It’s week three and most students have settled into a routine of LCRs, Unio coffee and 9am seminars. With most living on campus, myself included, firmly established in their rooms (of course the fairy lights came out for a fourth year running), it is disappointing that an upcoming SU proposal would put students in danger of eviction and even pose a risk to their course places.

While you can’t discount the success of the UCL rent strikes, UEA accommodation simply isn’t affected by the same pressing problems that warranted such extreme action. Student rents across the country have risen, so it’s understandable that each year sees a rise in price for living on campus. Yet what sets UEA apart from UCL is that it has consistently won awards, not only for services provided, but for price. Just last year it was named the sixth best in the country for value for money. As lovely as it would be to not pay rent, there doesn’t seem to be any legitimate reason for such a hard-line proposal. The need for a rent strike seems much less immediate at UEA than it was at UCL, and you wonder how many students were consulted before the decision was put to paper.

The proposal will be formally announced next Monday, before the final decision is made at union council next week. You can find all the latest news from union council on our Twitter page (@Concrete_UEA) where our union representative, Deputy Editor Jessica Frank-Keyes, will be live tweeting the meeting next Thursday.

It appears it’s been a week of bad ideas, particularly for Amber Rudd, the Home Secretary, whose higher education and immigration law proposals have been roundly condemned by the university sector (p.3). With the media likening her speech to sections of ‘Mein Kampf’, she seems to be deliberately creating an atmosphere of fear and distrust. We spoke to UEA Vice-Chancellor, David Richardson, who emphasized the contribution our international students bring, both financial and cultural. Quite simply, UEA would not be the same without the vibrantly diverse international community that calls this university home, and it’s good to see David Richardson showing his support for students who might be worried about what this could mean for them. UEA will remain United, despite Brexit, and despite politicians who seem determined to prove otherwise.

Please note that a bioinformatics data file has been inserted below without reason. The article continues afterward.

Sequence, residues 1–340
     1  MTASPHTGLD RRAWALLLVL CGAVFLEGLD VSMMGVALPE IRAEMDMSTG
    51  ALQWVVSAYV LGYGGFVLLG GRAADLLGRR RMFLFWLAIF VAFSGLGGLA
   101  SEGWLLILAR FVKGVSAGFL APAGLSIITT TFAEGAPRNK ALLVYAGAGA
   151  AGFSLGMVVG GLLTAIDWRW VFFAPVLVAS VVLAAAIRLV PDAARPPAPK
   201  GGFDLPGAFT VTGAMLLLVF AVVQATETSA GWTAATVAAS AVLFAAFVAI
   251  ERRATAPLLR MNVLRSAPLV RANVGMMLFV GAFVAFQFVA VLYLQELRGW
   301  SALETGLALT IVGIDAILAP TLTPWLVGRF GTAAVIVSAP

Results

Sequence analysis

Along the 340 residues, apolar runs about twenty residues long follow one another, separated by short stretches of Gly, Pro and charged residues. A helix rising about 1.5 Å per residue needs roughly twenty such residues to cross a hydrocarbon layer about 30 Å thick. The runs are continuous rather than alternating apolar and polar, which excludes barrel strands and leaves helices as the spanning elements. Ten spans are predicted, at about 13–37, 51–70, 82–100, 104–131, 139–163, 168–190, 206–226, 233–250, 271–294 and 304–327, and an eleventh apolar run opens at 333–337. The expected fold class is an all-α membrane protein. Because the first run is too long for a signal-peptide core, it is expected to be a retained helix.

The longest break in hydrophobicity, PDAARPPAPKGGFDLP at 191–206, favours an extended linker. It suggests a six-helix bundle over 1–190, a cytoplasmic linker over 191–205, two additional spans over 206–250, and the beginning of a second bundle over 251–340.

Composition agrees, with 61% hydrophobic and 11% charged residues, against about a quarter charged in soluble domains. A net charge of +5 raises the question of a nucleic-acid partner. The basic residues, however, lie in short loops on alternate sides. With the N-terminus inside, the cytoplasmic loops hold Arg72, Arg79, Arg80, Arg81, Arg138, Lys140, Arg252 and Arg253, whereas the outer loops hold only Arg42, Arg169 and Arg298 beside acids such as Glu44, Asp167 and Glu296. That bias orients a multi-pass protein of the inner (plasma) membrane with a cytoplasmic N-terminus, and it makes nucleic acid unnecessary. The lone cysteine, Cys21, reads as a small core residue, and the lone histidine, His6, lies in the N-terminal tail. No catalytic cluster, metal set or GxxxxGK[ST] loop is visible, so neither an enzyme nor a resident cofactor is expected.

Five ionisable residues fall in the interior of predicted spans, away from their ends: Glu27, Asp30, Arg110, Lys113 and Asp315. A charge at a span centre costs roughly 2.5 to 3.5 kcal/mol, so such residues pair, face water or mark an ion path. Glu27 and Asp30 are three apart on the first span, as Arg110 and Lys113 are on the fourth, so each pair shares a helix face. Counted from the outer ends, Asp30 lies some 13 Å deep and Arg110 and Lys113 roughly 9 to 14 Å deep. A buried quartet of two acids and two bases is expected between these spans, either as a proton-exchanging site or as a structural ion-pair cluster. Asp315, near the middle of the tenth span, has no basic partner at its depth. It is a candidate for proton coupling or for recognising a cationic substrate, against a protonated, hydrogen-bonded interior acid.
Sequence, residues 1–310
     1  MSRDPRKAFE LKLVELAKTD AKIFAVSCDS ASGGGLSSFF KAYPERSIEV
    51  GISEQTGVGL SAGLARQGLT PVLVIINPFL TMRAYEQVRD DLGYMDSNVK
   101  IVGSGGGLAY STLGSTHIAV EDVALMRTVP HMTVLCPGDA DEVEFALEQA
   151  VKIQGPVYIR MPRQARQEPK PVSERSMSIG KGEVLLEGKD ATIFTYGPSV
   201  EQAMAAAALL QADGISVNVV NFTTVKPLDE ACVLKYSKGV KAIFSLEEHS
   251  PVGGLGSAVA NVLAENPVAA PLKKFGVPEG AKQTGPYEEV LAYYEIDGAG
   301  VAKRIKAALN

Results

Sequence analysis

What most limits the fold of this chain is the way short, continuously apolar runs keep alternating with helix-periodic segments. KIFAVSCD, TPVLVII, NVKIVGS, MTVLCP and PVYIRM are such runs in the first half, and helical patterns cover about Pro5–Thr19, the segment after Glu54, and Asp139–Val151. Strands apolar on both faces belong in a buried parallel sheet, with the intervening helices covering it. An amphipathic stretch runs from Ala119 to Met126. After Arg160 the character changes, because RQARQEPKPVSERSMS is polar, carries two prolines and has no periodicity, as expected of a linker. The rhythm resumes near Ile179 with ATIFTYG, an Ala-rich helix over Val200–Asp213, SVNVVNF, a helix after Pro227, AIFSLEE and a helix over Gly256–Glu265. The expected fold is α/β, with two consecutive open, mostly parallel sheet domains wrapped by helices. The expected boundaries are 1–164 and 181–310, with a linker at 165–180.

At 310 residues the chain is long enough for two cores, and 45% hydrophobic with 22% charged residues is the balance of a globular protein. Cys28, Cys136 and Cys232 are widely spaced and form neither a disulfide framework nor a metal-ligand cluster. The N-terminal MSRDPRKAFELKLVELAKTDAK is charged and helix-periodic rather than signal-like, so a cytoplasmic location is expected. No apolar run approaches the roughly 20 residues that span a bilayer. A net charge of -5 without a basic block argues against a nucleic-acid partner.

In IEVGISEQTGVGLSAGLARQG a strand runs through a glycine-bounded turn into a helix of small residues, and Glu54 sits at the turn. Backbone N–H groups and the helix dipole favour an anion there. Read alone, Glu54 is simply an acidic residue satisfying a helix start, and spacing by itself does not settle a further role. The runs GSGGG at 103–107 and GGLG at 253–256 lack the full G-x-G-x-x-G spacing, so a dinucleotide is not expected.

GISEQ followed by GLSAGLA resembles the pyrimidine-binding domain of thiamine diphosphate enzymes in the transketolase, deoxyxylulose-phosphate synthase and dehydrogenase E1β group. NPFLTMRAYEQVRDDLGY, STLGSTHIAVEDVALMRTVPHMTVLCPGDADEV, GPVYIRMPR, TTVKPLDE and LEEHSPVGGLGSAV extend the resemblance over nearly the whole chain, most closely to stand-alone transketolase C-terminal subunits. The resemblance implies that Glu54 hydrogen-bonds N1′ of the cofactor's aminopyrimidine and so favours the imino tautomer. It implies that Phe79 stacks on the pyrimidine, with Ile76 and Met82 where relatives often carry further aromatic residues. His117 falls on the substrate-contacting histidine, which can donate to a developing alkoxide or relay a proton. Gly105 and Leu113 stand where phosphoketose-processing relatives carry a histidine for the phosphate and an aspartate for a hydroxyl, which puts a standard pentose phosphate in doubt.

But despite remaining a united front, what makes our university special is that it is a place of debate and an open forum for students to express their views, whether or not we agree with them. The Concrete comment section has always been a platform for students to express their opinions and engage in a lively debate about controversial topics. This week UEA Catholic Chaplain, Andrew Eburne wrote a rebuttal to ‘Playing Devil’s Advocate’, which scrutinized the canonisation of Mother Theresa (p.16). Let us know where you fall in the argument either online, or on Twitter.

From the Rosetta space probe (p.18) to our beloved Cloud Dog (p.5) it’s been a week of farewells. But, as the leaves change to a new colour, and as a new baby cloud dog gets ready to grace our campus it’s important to stay motivated and upbeat. If you’re already looking for vacation ideas, our Travel section (p.20-21) has some great ideas on how to escape the Norfolk grey and chase some blue skies. Our features team also have some great tips to keep you motivated as the nights get longer and darker, including an interview with Olympic silver medallist, Becky Page. If you thought balancing the LCR and studying was bad enough, find out how she managed to do it all alongside her training.

This issue was put together thanks to our great new team of writers: over 100 new members were recruited during Freshers’ week, and with over 120 of you coming along to our Big Meet, the entire editorial team are excited to see what this year brings.

If you didn’t quite manage to find us during the madness of SocMart, make sure to find our Concrete members page on Facebook: there are still plenty of ways to get involved, and plenty more issues to write for.

See you in a fortnight!